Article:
Filmed in December, 2016, Tom Olson discusses how he made his way from upstate New York to Santa Clara Valley and the contributions he and his cohorts made throughout the decades to the cable and telecommunications’ industries. The three plus hours of video that follows below touches upon a number of topics from discrimination in the 50s to the Cold War in Turkey to the early years of Silicon Valley, Tom demonstrates an amazing recall of detail for both circuits and people. And, as great an engineer as he is, it is his ability to understand and serve people’s needs that has served him well through the years.
[Note: For hiring him at Tomco and letting him make countless mistakes, this author is forever indebted to Mr. Olson.]
Tom Olson – The Early Years in Rochester – From Ham Radio to Pinsetting
Tom Olson talks about his formative years growing up in Rochester, NY, his early tinkering with electronics, his first job and his decision to attend RIT.
The College & Work Coop Years – The 1950s
Olson talks about his time in college, at Rochester Institute of Technology, which was a mix of work and study. Although still a student, he made an impact, designing the first solid-state proximity switch for the Sidewinder missile. Given the nature of the RIT program, most of his classmates were older, which broadened Tom’s perspective. It was also during this time that he made a productive stand against a landlord’s racist rental policy.
Early Career – From Cold War Era Turkey to the beginnings of Silicon/Microwave Valley – The 1960s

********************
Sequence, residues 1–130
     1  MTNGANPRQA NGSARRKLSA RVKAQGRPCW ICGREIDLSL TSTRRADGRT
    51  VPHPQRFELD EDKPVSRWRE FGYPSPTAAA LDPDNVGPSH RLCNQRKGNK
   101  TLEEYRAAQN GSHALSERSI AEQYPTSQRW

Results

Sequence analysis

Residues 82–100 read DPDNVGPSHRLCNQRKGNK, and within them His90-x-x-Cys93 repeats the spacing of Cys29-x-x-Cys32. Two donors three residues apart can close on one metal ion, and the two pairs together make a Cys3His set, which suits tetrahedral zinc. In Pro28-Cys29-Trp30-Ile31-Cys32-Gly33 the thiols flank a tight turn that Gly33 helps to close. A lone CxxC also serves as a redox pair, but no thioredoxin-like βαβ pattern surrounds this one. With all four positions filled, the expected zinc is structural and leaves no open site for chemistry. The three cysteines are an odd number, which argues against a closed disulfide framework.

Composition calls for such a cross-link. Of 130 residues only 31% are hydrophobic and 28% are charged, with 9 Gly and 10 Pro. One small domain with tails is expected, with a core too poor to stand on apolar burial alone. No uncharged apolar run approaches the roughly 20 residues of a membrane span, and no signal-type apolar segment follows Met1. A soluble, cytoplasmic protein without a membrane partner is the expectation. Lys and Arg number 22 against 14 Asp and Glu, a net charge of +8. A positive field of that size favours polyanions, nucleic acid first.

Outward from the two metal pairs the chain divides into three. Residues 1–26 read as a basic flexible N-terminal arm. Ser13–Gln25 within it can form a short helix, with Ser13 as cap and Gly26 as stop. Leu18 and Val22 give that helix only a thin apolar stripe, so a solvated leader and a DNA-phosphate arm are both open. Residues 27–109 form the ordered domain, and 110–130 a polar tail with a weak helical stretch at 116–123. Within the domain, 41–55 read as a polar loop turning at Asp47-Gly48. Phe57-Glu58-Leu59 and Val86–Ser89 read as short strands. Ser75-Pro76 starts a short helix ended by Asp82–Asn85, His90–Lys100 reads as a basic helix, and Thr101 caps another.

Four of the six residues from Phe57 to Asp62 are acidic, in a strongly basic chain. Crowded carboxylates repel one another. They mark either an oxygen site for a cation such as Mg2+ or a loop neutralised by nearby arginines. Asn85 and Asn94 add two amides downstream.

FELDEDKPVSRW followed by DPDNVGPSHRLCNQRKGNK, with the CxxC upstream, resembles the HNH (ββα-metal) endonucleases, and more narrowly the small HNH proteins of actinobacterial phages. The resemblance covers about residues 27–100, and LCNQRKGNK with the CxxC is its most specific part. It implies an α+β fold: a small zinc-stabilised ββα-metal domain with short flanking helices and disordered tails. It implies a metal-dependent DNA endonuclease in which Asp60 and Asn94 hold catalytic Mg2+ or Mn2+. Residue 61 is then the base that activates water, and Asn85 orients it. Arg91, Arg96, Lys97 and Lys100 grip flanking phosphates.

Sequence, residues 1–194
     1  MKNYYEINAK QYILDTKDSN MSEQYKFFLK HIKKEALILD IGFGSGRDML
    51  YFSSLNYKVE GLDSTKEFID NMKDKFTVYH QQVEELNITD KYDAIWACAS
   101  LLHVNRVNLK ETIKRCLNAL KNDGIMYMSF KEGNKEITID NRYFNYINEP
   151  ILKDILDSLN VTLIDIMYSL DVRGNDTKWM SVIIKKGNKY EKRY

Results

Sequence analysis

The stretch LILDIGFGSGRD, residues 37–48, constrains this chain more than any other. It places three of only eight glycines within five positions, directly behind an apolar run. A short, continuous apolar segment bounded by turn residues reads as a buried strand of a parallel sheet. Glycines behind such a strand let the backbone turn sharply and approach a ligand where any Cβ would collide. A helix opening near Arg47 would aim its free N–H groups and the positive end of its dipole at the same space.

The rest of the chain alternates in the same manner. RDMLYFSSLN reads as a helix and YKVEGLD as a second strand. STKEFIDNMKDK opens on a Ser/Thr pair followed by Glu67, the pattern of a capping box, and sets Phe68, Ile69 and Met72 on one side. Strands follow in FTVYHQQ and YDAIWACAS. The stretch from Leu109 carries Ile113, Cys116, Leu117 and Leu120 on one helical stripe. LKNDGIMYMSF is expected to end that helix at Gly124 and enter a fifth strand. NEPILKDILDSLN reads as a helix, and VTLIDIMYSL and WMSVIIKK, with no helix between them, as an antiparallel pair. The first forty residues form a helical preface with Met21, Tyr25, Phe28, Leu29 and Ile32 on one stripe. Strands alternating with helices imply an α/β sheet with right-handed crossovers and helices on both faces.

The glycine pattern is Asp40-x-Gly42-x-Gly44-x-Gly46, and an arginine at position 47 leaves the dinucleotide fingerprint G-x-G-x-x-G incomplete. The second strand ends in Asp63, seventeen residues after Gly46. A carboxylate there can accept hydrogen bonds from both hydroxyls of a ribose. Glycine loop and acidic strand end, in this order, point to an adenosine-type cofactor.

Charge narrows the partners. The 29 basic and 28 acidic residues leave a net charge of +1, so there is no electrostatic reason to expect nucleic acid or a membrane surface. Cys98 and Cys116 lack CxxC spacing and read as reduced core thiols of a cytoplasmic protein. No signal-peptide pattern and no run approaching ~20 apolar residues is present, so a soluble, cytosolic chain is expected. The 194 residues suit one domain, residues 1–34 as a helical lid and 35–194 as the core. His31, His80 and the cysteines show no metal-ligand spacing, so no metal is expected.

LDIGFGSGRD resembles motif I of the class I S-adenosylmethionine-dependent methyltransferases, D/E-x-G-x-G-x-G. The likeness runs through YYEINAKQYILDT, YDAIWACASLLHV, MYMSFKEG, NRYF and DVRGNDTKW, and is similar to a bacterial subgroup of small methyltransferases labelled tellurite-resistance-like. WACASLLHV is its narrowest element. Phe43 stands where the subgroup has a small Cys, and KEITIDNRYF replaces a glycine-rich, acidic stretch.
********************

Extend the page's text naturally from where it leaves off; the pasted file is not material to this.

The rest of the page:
Tom Olson spent his early career in New York, Turkey and Germany before finally settling in California. This set the foundation for lasting friendships and experiences that would serve him well in the decades that followed.
The Tomco Days – The 1970s to early 80s
Starting in a garage in 1970, in a classic Silicon Valley way, and with a $25,000 loan to purchase stock in a company that shared his name, Tom Olson explains why he moved from the relative security of Military/Aerospace supplier, Aertech to found a start-up without customers or even a product. He talks about the importance of the early investors, who clearly believed in him and his abilities.
Olson discusses some of the interesting technologies that were being implemented in the still nascent cable industry, such as a two-channel, switched cable system, manufactured by Ameco, and installed in cable systems in Pacifica and Daly City. The relationship he developed with the manager of those systems, Henry Gastman, led to additional work for a new franchise in Fremont.
Olson convinced Gastman and his engineer, Jay Dennis, to take a leap on a new idea for a set-top enabled system in Fremont; one where the carriers were inverted. That system, in addition to selling converters for antenna to headend transmission, led to significant revenue generation in the early days of Tomco.
He explains that the Anaconda cables and amplifiers that were used in the distribution plant didn’t quite live up to their specifications and ultimately cost Gastman his job. One of the many long-term friendships that began in that era was that of Mr. Yoshika Furahata, of the General Corporation (later Fujitsu General). Mr. Furahata led the effort on behalf of General for the manufacture of the set-tops that Tom envisioned and that were implemented in Fremont.
The Catel Days – The 1980s
Olson describes why he believes Catel purchased Tomco, what he learned at Catel and why he decided to leave for a new venture.
Olson Technologies – The 80s to Present Day
Tom Olson discusses the launch of and the operation of Olson Technologies. With Sue as the operations and manufacturing complement to Tom’s engineering and business genius, Olson Technologies synthesized the decades of learning from his previous work and built on those relationships to develop and ship tens of thousands products that shipped worldwide.